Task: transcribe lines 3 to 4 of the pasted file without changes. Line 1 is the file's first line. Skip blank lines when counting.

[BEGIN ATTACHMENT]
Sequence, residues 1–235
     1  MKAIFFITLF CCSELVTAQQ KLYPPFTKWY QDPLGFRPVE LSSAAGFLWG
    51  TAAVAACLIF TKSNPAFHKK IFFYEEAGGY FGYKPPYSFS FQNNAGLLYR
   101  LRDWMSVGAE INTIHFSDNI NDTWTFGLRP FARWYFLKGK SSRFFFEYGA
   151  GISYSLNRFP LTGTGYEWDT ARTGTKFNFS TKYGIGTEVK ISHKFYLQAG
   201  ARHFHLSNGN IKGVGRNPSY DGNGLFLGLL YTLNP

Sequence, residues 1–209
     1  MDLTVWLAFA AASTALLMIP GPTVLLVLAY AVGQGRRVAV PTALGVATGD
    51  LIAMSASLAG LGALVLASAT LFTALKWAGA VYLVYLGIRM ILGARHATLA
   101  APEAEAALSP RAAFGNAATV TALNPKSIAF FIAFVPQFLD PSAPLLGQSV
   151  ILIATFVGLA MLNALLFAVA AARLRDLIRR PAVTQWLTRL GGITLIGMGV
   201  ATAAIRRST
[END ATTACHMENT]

    51  TAAVAACLIF TKSNPAFHKK IFFYEEAGGY FGYKPPYSFS FQNNAGLLYR
   101  LRDWMSVGAE INTIHFSDNI NDTWTFGLRP FARWYFLKGK SSRFFFEYGA